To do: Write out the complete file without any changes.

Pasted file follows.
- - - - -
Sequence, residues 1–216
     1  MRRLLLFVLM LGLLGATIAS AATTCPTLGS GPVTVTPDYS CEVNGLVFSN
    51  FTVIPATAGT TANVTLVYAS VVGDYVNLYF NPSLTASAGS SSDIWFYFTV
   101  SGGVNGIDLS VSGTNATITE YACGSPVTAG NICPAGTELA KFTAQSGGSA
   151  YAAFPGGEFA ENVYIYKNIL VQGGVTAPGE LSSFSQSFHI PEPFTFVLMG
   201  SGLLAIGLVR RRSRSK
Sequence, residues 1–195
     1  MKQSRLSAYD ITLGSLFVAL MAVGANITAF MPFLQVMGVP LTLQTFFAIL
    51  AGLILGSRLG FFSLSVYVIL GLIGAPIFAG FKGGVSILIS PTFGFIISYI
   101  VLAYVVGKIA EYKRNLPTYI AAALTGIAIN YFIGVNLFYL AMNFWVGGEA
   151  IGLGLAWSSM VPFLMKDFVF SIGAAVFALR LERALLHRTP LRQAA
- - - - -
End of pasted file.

Sequence, residues 1–216
     1  MRRLLLFVLM LGLLGATIAS AATTCPTLGS GPVTVTPDYS CEVNGLVFSN
    51  FTVIPATAGT TANVTLVYAS VVGDYVNLYF NPSLTASAGS SSDIWFYFTV
   101  SGGVNGIDLS VSGTNATITE YACGSPVTAG NICPAGTELA KFTAQSGGSA
   151  YAAFPGGEFA ENVYIYKNIL VQGGVTAPGE LSSFSQSFHI PEPFTFVLMG
   201  SGLLAIGLVR RRSRSK
Sequence, residues 1–195
     1  MKQSRLSAYD ITLGSLFVAL MAVGANITAF MPFLQVMGVP LTLQTFFAIL
    51  AGLILGSRLG FFSLSVYVIL GLIGAPIFAG FKGGVSILIS PTFGFIISYI
   101  VLAYVVGKIA EYKRNLPTYI AAALTGIAIN YFIGVNLFYL AMNFWVGGEA
   151  IGLGLAWSSM VPFLMKDFVF SIGAAVFALR LERALLHRTP LRQAA